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Thursday, August 21, 2008

Free Internet Press Newsletter - Thursday August 21 2008 - (813)

Thursday August 21 2008 edition
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U.S. Justice Dept. Plan Would Give F.B.I. Broader Investigative Powers
2008-08-21 01:02:36
A Justice Department plan would loosen restrictions on the Federal Bureau of Investigation to allow agents to open a national security or criminal investigation against someone without any clear basis for suspicion, Democratic lawmakers briefed on the details said Wednesday.

The plan, which could be made public next month, has already generated intense interest and speculation. Little is known about its precise language, but civil liberties advocates say they fear it could give the government even broader license to open terrorism investigations.

Congressional staff members got a glimpse of some of the details in closed briefings this month, and four Democratic senators told Attorney General Michael B.Mukasey in a letter on Wednesday that they were troubled by what they heard.

The senators said the new guidelines would allow the F.B.I. to open an investigation of an American, conduct surveillance, pry into private records and take other investigative steps “without any basis for suspicion.” The plan “might permit an innocent American to be subjected to such intrusive surveillance based in part on race, ethnicity, national origin, religion, or on protected First Amendment activities,” the letter said. It was signed by Russ Feingold, of Wisconsin, Richard J. Durbin, of Illinois, Edward M. Kennedy, of Massachusetts, and Sheldon Whitehouse, of Rhode Island.

As the end of the Bush administration nears, the White House has been seeking to formalize in law and regulation some of the aggressive counterterrorism steps it has already taken in practice since the Sept. 11 attacks.

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White House Is Missing As Many As 225 Days Of Email
2008-08-21 01:02:15
The White House is missing as many as 225 days of e-mail dating back to 2003 and there is little if any likelihood a recovery effort will be completed by the time the Bush administration leaves office, according to an internal White House draft document obtained by the Associated Press.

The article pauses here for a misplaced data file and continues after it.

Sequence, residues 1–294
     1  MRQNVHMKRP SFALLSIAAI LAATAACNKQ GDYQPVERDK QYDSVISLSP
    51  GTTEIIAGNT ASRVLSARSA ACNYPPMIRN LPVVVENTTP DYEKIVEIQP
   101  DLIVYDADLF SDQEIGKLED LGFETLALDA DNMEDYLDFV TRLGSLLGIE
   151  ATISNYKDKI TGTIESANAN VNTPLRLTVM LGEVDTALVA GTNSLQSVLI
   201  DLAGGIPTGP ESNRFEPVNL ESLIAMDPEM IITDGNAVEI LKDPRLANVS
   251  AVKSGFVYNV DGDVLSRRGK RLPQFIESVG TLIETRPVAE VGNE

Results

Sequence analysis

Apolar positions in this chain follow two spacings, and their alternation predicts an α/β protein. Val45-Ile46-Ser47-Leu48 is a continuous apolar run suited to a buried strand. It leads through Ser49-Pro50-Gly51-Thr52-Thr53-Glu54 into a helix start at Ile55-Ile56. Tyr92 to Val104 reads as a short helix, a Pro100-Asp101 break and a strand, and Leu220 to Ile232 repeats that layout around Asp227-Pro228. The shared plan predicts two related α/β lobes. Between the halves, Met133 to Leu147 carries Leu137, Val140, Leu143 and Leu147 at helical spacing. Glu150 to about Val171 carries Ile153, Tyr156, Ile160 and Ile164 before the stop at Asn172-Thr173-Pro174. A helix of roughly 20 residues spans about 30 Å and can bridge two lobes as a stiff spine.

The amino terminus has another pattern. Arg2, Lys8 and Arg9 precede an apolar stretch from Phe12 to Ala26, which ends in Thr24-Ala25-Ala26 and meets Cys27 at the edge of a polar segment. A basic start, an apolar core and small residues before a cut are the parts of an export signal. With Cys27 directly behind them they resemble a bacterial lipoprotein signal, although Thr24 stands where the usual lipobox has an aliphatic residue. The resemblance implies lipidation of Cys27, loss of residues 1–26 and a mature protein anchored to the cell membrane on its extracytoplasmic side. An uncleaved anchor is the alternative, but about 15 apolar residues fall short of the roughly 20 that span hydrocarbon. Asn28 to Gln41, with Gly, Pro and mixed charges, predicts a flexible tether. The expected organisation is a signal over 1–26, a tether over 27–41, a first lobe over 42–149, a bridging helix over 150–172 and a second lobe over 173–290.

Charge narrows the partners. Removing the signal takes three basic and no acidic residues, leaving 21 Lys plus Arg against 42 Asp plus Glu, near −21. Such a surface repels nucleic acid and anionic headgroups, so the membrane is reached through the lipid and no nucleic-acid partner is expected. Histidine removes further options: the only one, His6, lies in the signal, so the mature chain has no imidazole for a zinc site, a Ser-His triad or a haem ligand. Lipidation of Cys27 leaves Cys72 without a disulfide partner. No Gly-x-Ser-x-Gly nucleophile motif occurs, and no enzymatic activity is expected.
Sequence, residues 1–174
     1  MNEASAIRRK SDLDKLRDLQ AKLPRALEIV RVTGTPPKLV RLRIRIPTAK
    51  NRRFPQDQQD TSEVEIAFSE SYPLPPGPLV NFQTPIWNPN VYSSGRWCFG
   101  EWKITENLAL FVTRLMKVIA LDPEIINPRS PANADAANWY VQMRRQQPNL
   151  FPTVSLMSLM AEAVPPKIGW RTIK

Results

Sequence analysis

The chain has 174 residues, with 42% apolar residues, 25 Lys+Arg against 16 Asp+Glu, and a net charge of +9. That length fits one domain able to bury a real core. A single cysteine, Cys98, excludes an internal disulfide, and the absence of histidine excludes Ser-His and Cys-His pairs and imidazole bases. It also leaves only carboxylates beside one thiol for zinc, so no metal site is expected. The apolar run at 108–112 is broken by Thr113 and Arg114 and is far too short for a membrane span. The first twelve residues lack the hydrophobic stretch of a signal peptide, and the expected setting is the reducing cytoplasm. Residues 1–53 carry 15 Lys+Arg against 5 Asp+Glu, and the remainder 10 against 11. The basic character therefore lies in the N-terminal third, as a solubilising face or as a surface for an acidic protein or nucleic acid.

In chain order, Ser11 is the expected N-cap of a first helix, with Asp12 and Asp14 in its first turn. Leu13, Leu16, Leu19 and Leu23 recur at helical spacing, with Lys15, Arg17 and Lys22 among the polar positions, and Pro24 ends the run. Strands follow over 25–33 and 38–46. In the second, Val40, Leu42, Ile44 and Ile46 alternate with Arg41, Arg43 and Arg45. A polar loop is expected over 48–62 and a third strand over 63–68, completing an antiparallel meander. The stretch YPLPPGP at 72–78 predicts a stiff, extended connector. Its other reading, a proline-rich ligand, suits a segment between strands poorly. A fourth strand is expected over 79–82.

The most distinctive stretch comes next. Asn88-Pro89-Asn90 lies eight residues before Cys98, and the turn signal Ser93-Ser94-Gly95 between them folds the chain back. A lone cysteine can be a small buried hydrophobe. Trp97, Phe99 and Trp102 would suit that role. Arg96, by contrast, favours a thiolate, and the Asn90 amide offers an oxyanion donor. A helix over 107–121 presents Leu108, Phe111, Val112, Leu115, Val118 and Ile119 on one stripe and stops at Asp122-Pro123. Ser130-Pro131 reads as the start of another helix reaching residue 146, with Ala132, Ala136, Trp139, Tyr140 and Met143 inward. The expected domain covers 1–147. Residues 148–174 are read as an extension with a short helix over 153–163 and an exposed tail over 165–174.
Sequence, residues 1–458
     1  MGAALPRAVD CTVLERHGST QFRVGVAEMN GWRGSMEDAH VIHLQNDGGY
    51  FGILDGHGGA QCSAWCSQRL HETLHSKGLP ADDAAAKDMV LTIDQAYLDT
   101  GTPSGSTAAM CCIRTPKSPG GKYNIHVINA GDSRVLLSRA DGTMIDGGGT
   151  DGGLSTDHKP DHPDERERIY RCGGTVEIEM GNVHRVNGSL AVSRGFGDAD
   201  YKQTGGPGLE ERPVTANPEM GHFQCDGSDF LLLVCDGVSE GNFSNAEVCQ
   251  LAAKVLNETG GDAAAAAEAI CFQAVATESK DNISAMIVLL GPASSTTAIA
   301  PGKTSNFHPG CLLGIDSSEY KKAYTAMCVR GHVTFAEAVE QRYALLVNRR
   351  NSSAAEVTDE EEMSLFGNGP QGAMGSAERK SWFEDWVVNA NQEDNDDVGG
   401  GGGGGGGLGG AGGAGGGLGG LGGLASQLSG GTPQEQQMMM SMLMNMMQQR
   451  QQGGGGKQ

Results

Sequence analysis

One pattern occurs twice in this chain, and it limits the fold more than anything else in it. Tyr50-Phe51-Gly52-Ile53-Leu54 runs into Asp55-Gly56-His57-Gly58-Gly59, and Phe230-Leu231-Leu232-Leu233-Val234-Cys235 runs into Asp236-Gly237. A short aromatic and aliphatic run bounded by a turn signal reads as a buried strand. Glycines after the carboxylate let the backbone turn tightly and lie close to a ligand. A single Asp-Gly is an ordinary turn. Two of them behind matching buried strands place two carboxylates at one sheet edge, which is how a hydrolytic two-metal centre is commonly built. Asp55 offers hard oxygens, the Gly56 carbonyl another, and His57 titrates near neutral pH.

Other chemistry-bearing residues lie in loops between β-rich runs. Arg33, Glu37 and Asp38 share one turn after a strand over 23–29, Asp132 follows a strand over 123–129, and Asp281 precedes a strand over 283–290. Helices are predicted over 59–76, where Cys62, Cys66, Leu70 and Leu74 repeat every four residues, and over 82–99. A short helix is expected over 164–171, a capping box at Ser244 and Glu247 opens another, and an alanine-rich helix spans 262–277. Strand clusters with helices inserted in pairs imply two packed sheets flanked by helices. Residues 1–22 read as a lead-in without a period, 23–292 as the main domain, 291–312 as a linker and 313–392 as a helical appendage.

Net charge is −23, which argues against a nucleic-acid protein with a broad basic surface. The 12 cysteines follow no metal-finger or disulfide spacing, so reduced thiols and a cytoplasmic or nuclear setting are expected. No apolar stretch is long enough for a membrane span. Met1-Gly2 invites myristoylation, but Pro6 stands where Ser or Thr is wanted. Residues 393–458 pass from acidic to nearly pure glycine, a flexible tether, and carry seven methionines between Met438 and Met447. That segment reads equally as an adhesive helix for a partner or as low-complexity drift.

The nine-page outline of the White House's e-mail problems invites companies to bid on a project to recover the missing electronic messages.

The work would be carried out through April 19, 2009, according to the Office of Administration request for contractors' proposals, which was dated June 20.

Last week, the White House declined to comment on the document.

On Wednesday, the White House refused to talk about internal White House contracting procedures, but said the information is "outdated and seriously inaccurate." It would not elaborate. The White House also declined to say whether it has hired a contractor for the work yet.

"With an eye on the clock, the White House continues to drag its feet and do everything possible to postpone public access to the records of this presidency," said Anne Weismann, chief counsel to Citizens for Responsibility and Ethics in Washington, D.C., a private watchdog group.

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Gen. Petraeus, Readying To Exit Iraq, Says Gains Are Fragile
2008-08-21 01:01:49
In the final days of his campaign to bring Iraq under control, Gen. David H. Petraeus sat in his office at the American Embassy here looking drawn, exhausted, and more than a few years older than when he took command 18 months ago.

More than once as he spoke of his tenure, the general stopped to cough. An intensely energetic man who prides himself on besting young recruits in tests of strength and endurance, General Petraeus, 55, said Monday that he had been forced to scale back his punishing daily workouts to three a week.

“There is not much in the tank at the end of the day,” he said.

Yet for all the signs of fatigue, General Petraeus is preparing to leave Iraq a remarkably safer place than it was when he arrived. Violence has plummeted from its apocalyptic peaks, Iraqi leaders are asserting themselves, and streets that once seemed dead are flourishing with life. The worst, for now, has been averted.

And so in the general’s exhaustion comes the glimmer of hope, and also a caveat: Iraq has indeed stepped back from self-destruction, General Petraeus said, but the gains are tenuous and unlikely to survive without an American effort that outlasts his tenure. By the time he leaves for the United States next month to assume overall command of American forces in the Middle East and Afghanistan, he will have spent a total of 48 months in Iraq since the war began.

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Bush Vows To Back Georgia, Decries Russia
2008-08-21 01:01:26